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Pacific Theatres Also Owns the Cinerama Technology. What Happens to It Now That the Chain Is Closing?

Gene Maddaus
·7 min read

Angelenos are still processing their grief about the closure of the ArcLight theaters. Pacific Theatres announced on Monday that it would close all of its locations, which include the ArcLight Hollywood and the historic Cinerama Dome.

Not as well known is that the theater chain also owns the Cinerama technology. The three-camera filming technique was introduced in 1952 in response to the rise of television, and was virtually obsolete by the time the Cinerama Dome opened on Sunset Boulevard in November 1963. The name lived on for a few years after that, in the form of single-camera 70 millimeter releases that were marketed as Cinerama films — including “It’s a Mad, Mad, Mad, Mad World,” the first film ever shown at the dome.

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The dome itself was not outfitted with the three-camera projection technology until 2002, to coincide with the format’s 50th anniversary. The same year, David Strohmaier released the documentary “Cinerama Adventure,” detailing the history of the process.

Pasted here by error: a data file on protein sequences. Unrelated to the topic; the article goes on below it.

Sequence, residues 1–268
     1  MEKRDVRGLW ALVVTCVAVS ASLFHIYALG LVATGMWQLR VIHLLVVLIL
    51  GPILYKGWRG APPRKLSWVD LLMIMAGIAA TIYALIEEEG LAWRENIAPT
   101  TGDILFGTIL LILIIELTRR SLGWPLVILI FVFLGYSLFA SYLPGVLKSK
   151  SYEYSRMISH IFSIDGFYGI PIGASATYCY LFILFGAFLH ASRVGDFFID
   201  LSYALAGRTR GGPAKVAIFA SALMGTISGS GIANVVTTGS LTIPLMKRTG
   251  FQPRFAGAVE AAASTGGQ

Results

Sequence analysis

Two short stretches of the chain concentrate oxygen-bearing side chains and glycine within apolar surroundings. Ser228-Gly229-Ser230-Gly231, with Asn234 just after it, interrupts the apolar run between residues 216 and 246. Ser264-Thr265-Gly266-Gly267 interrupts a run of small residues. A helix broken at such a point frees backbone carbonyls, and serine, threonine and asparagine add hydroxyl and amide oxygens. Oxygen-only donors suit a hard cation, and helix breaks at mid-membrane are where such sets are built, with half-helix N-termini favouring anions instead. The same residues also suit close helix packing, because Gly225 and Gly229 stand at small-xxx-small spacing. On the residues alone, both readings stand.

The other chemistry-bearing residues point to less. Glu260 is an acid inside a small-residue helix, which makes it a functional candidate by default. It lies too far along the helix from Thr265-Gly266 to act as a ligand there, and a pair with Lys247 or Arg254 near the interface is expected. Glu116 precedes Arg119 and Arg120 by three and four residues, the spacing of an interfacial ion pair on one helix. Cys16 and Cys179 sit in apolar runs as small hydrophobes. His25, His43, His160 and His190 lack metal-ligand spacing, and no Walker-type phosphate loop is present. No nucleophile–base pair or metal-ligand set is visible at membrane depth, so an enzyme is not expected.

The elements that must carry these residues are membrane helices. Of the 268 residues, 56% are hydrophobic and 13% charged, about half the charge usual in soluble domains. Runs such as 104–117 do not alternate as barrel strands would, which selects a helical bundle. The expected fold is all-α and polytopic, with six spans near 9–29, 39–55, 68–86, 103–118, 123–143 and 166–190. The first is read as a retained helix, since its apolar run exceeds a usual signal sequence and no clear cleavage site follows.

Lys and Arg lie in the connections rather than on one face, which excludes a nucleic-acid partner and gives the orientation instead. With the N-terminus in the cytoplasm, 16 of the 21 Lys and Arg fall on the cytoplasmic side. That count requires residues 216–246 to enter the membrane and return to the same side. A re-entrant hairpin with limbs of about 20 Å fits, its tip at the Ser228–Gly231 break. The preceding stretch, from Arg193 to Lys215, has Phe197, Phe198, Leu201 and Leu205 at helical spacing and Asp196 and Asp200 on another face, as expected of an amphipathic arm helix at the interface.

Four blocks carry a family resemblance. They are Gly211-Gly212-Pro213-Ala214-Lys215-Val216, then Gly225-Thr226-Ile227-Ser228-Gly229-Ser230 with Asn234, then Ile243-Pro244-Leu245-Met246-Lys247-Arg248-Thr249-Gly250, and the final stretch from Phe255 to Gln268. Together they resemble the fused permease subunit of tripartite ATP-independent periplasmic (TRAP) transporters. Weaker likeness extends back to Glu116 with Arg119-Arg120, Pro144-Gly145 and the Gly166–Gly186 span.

Strohmaier now lives in Idaho, where he is finishing up a restoration of MGM’s “The Wonderful World of the Brothers Grimm,” one of just two narrative films ever produced in the original Cinerama process. He has previously restored the other one — “How the West Was Won” — and several Cinerama travelogues.

In an interview, he said he is not worried too much about the closure of Pacific Theatres. The interview has been condensed and edited.

So where do things stand now? Pacific Theatres owns the process, right?

Yeah, and the travelogue films, and they own half of the two MGM films. Me and my team have restored all the Cinerama travelogues by scanning them and combining them together, so you don’t need three projectors. It’s all on a digital DCP kind of thing. I’m finishing up “Brothers Grimm” now. I’m almost done with it. That’s for Warner Bros. and Cinerama Inc.